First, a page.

The most commonly seen type of bit, a snaffle bit lacks a shank, thus limiting its leverage compared to alternate designs. The standard snaffle features round, ring-shaped cheek pieces and a simple, two-piece jointed mouthpiece. Your bit will not be effective if it is not used properly, so you need to place the snaffle bit in the horse's mouth correctly.
Identifying the Front of Your Bit
If you're confused about how the snaffle bit should be placed in your horse's mouth, you need to determine which way the bit goes. Before you put the bit on your bridle, pick up the snaffle bit and hold it in your hands. Notice that the mouthpieces are curved on either side of the joint. Fold the bit in half. If the bit goes together smoothly when bent, you have it facing the right direction. If the bit will not go together, you have it backwards. The bit needs to fold smoothly into itself when it is used in the horse's mouth, otherwise it can be uncomfortable for your horse.
Attaching the Bit to the Bridle
It is essential that your bit be put on your bridle correctly. You can make sure it is right by folding your bit so that it fits together smoothly. Arrange your bridle so that it is facing the way it would when it is on the horse's head. Make sure that the front of the bit is facing the top/front of the bridle and then attach the snaffle bit to the bridle. Your bridle's headstall has cheek pieces that will buckle or snap around the loops on the outside of your snaffle bit.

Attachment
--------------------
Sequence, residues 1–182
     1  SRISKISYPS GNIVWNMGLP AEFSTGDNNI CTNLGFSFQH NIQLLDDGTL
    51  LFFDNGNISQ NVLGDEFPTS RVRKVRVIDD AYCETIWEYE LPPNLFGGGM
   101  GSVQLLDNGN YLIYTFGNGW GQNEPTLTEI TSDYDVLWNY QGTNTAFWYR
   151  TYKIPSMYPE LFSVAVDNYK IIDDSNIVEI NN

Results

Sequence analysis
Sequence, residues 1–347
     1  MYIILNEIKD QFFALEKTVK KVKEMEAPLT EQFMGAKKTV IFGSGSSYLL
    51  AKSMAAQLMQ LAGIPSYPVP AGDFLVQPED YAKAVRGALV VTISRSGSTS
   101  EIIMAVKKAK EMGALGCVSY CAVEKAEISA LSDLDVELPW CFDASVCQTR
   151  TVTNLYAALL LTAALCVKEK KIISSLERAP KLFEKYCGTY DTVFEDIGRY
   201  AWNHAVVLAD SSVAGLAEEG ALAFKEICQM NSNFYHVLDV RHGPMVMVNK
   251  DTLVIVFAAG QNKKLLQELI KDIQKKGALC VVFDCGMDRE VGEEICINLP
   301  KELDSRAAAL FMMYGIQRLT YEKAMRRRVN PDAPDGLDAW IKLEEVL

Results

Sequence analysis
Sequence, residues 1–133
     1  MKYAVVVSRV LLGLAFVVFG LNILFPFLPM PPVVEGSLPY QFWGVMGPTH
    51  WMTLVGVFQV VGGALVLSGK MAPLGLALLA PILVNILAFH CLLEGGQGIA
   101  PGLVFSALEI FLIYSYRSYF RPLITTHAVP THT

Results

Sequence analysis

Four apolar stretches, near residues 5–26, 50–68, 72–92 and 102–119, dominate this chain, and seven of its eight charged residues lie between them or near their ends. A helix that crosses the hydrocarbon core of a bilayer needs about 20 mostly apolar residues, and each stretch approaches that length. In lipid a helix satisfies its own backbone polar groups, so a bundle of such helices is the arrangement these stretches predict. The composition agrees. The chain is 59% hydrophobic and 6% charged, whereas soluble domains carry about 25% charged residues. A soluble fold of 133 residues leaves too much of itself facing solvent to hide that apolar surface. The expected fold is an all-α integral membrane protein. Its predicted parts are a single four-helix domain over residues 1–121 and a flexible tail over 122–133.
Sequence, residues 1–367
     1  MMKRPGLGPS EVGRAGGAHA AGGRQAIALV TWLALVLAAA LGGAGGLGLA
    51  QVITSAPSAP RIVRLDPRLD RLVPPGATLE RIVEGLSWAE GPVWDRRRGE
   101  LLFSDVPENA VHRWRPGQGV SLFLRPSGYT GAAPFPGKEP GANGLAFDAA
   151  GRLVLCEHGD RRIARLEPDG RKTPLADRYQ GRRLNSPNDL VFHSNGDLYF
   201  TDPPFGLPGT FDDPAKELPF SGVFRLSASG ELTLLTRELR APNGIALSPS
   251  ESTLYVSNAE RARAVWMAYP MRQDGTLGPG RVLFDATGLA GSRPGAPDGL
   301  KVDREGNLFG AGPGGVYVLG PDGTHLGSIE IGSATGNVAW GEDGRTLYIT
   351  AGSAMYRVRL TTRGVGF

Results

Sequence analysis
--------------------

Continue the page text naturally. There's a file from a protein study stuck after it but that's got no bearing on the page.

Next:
Adjust the Bit
The bit should sit in the gap in your horse's mouth behind the incisors. It should not dangle too loosely in the mouth or be held in the mouth so tightly that the horse is uncomfortable. The bit works though the application and release of pressure. Adjust the headstall so that the bit creates two wrinkles in the corner of the horse's mouth without pinching.
Snaffles Versus Other Bits
Snaffle bits can be used in both English and Western riding. Almost all horses can be ridden using a snaffle, though some horses do better in other types of bits. The snaffle differs from a shanked bit or a curb bit.
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Jen Davis has been writing since 2004. She has served as a newspaper reporter and her freelance articles have appeared in magazines such as "Horses Incorporated," "The Paisley Pony" and "Alabama Living." Davis earned her Bachelor of Arts in communication with a concentration in journalism from Berry College in Rome, Ga.